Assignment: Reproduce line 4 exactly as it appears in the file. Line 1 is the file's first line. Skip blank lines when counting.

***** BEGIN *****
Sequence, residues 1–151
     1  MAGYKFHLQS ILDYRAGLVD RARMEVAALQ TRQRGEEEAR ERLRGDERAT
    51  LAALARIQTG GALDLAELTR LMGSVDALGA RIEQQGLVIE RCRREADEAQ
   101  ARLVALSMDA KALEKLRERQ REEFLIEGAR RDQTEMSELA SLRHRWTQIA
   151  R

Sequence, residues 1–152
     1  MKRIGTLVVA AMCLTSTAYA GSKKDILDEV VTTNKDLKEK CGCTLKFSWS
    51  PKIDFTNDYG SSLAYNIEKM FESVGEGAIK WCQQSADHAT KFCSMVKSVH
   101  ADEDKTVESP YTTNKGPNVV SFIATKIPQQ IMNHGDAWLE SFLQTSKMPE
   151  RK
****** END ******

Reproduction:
   101  ARLVALSMDA KALEKLRERQ REEFLIEGAR RDQTEMSELA SLRHRWTQIA